How the Class of 2023 is Feeling about Applications

November 15th has passed, meaning that all early decision and early action applications are in for our senior class. However, the remaining stress varies amongst rams; some of us have over a dozen supplemental essays to write for our many colleges, while some of us are left with just a few. Moreover, many seniors have misgivings about their chances of getting into their top schools. To get a better idea of this great class’ overall feelings, I interviewed a small sample of seniors.
Jack Sicat, a top scholar and truly enigmatic figure, is applying to a mystery school, which he refuses to reveal. When asked about how he is feeling about the process, Sicat replied, “Tired. I have my interview next week (Sunday, November 20th). With my top-choice, I’m not really stressed because you may get in you may not get in; it’s like, imagine you’re a penny in this bowl of pennies, and there’s this vending machine right there, and there’s like a slot for the pennies, and the college admissions board takes that bowl and just throws it at that slot. And if you’re that lucky one, you get into the vending machine.” Sicat, a true master of figurative language, creates a metaphor that excellently illustrates the unpredictability of selective schools.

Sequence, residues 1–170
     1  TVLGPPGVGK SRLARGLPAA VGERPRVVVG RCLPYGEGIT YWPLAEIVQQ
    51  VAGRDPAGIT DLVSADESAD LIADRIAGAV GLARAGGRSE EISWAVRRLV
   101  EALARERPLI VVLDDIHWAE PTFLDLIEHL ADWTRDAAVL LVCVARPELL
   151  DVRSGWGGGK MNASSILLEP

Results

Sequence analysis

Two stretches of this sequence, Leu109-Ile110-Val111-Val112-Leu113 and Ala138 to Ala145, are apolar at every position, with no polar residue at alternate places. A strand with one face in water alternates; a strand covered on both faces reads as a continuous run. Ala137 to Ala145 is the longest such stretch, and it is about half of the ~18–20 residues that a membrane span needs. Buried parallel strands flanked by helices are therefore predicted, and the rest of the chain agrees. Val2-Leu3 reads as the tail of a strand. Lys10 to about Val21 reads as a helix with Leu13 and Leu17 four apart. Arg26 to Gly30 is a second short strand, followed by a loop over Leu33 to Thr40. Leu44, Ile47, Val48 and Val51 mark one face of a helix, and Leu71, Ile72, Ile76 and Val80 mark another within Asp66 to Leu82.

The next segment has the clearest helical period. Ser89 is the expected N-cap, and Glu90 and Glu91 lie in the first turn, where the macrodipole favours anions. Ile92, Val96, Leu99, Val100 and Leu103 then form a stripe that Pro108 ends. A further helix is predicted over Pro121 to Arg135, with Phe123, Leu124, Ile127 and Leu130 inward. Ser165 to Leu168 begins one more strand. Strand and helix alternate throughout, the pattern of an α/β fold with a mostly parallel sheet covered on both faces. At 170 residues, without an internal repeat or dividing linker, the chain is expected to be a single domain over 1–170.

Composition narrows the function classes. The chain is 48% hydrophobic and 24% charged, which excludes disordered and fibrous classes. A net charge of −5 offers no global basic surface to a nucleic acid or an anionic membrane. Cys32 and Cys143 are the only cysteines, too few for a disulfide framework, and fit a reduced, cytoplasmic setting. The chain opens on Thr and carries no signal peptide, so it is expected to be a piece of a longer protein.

Mathew Yeager, an infamously studious Pole, is applying early decision to Brown University. When asked whether he’s more or less stressed now that ED/EA applications are in, he said, “I think I’m feeling more stressed, because I have more essays to write, like sixteen essays.” Sicat then interjects, asking, “Why are you applying to so many if you can only attend one?” Yeager responds, angrily saying, “Sicat, that’s like asking, ‘Why do you have two eyes if you only need one?’” Yeager represents a sizable portion of seniors who are applying to a ridiculous number of schools to broaden their options.
Brendan Milton, the Irish Genius, is applying restrictive early action to the University of Notre Dame. I asked him what he thought of the process now that the more important applications are in. He replied, “A little stressed, Noder Daym (he can’t pronounce it correctly: “no-truh daam”) is quite selective.” Milton, a quiet ne’er-do-well, refused to elaborate further.
Personally, I am still incredibly stressed; the pressure to perform during this first semester is immense. My top choices are just as unforgiving as the aforementioned schools; the grades and test scores needed for even the most infinitesimal chance of acceptance are high enough to induce hypertension. The great volume of assessments and assignments combined with the great volume of supplemental essays that remain contribute to the tension of the first semester. Overall, it seems that many of us are still toiling through this slow, grueling process.